(Tuhin Roy is Chief Strategy Officer of MXP4, the developer of Bopler Games, a Facebook application that enables users to play multiple music games across a large catalog of music. Tuhin practiced corporate and intellectual property law at Perkins Coie LLP in Menlo Park, California, founded and ran the Digital Rights Agency, co-founded Echo Networks and served on the board of directors of the Digital Media Association. Tuhin also advises a number of digital media start-ups and is on the investment advisory board of Pink, an early stage investment fund.)
Why Blanket Digital Licenses for Publishing is Necessary: a Developer’s Perspective
Social games and apps on Facebook are the most recent miracle of the Internet, coming from nowhere three years ago to generate a projected $4 billion in revenue this year. Companies such as Zynga, Playfish and Crowdstar have grown with the phenomenon and become experts in producing massively popular and addictive games. Titles like Cityville, Mafiawars, Pet Society and Restaurant City have all become multi-million dollar business.
Music has been totally absent as a category.
Working with the team at Paris-based social music games developer MXP4 last year, we started to research why music-which seems such a perfect fit for the social space-had not taken part in the social games phenomenon. The answer that quickly became clear was that social game developers had looked into what is involved in acquiring music licenses and had run screaming. With lots of fertile territory left unworked, it didn’t make sense for these guys to dive into the thicket of rights issues involved, or to work through the complex license negotiations that would be involved in an entirely new model for the music industry.
With our backgrounds in music, we were less intimidated although we understood that huge complexities would be involved. On top of all the other issues faced by digital music services like iTunes or Spotify, we understood that social music games would be harder to license because they implicate synchronization rights. This meant that in large part we would not benefit from the work the music industry has done over the last ten years to clarify and simplify licensing for straight forward digital download and streaming services. We decided to dive in anyway.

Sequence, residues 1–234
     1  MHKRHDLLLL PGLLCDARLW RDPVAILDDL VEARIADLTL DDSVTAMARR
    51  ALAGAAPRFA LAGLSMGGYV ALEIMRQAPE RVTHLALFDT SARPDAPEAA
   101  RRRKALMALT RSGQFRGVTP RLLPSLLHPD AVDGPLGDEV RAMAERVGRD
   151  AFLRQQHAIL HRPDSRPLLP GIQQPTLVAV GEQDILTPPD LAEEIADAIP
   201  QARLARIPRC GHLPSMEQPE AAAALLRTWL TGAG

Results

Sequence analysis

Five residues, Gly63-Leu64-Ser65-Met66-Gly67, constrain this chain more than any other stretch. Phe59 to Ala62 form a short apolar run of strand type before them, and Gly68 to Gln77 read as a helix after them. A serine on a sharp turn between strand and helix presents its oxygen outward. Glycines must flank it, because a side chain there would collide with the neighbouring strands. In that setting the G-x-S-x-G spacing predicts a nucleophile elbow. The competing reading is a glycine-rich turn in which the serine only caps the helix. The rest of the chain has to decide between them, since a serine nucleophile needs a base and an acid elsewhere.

We faced two major challenges. First, we would be negotiating deals that involved payments made in virtual currencies for virtual goods that included the right to access music. Beyond the obvious questions of how fairly to split revenue, the social game setting required us to work with labels and publishers to define entirely new methods of calculating and reporting royalties.
Second, and more problematic, is the fact that unlike digital mechanical reproduction rights or non-interactive streaming, there are no statutory or bulk licensing mechanisms for synchronization rights. For historical reasons, artists and writers almost universally have the right to approve on a case-by-case basis sync licenses that their labels and publishers want to issue.
As a result, once the hard work of agreeing on a deal with a label group or publisher is done, the fun of clearing songs on a track-by-track basis begins.
Just to identify what might be “clearable” and thus which tracks to request, has required us to build a proprietary multi-million line database of publishing rights using multiple sources. Once we have identified a track that we think we may be able to clear through our deals, we work with the clearance teams at labels and publishers to put requests into the relevant artists and writers. Oftentimes, we need to reach out to the artists and writers representatives directly to get them up to speed on what we are doing.
And all of that is multiplied by the number of writers, publishers, artists and labels on a particular track-which these days can be a lot given the popularity of collaborations and sample licenses. One particular David Guetta track, for example, has 14 publishers.
So the challenges are clearly huge, although we are working hard to develop internal systems and procedures with our label and publisher partners to “scale up” the effort. The publishing industry is also starting to look at more comprehensive solutions. The NMPA’s recent call for a one-stop shop for synchronization and other rights is recognition that the music industry is losing out on potentially significant opportunities to make money in the world of gaming and beyond.
Unfortunately, given the historical requirement that artists and writers approve sync licenses individually it’s hard to see how such a one-stop shop can be set up quickly. Essentially, the publishing industry would have to replicate the process that we have been going through with MXP4. They would need to get buy-in from a large group of publishers and then would likely have to get individual writers to opt-in to the mechanism. It’s a huge task, but we would love to see it succeed.
In the meantime, we will continue to work through the process with our partners as we look to put the music business into social gaming.
Tuhin can be contacted at firstname.lastname@example.org.